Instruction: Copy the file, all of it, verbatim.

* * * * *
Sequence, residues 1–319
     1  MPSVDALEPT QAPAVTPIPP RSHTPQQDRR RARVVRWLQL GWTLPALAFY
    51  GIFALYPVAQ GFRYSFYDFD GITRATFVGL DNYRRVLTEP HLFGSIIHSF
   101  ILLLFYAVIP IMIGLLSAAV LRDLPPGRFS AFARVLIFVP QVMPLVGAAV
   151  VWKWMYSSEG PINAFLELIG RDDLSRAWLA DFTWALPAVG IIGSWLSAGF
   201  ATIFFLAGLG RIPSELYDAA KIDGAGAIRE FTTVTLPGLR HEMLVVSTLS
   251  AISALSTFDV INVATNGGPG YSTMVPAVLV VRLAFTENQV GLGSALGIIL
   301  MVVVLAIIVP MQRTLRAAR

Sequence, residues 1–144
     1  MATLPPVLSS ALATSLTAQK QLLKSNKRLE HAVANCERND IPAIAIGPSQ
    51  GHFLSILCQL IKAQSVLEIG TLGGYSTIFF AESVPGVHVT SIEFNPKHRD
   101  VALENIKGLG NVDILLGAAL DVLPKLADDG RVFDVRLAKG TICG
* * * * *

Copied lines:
Sequence, residues 1–319
     1  MPSVDALEPT QAPAVTPIPP RSHTPQQDRR RARVVRWLQL GWTLPALAFY
    51  GIFALYPVAQ GFRYSFYDFD GITRATFVGL DNYRRVLTEP HLFGSIIHSF
   101  ILLLFYAVIP IMIGLLSAAV LRDLPPGRFS AFARVLIFVP QVMPLVGAAV
   151  VWKWMYSSEG PINAFLELIG RDDLSRAWLA DFTWALPAVG IIGSWLSAGF
   201  ATIFFLAGLG RIPSELYDAA KIDGAGAIRE FTTVTLPGLR HEMLVVSTLS
   251  AISALSTFDV INVATNGGPG YSTMVPAVLV VRLAFTENQV GLGSALGIIL
   301  MVVVLAIIVP MQRTLRAAR

Sequence, residues 1–144
     1  MATLPPVLSS ALATSLTAQK QLLKSNKRLE HAVANCERND IPAIAIGPSQ
    51  GHFLSILCQL IKAQSVLEIG TLGGYSTIFF AESVPGVHVT SIEFNPKHRD
   101  VALENIKGLG NVDILLGAAL DVLPKLADDG RVFDVRLAKG TICG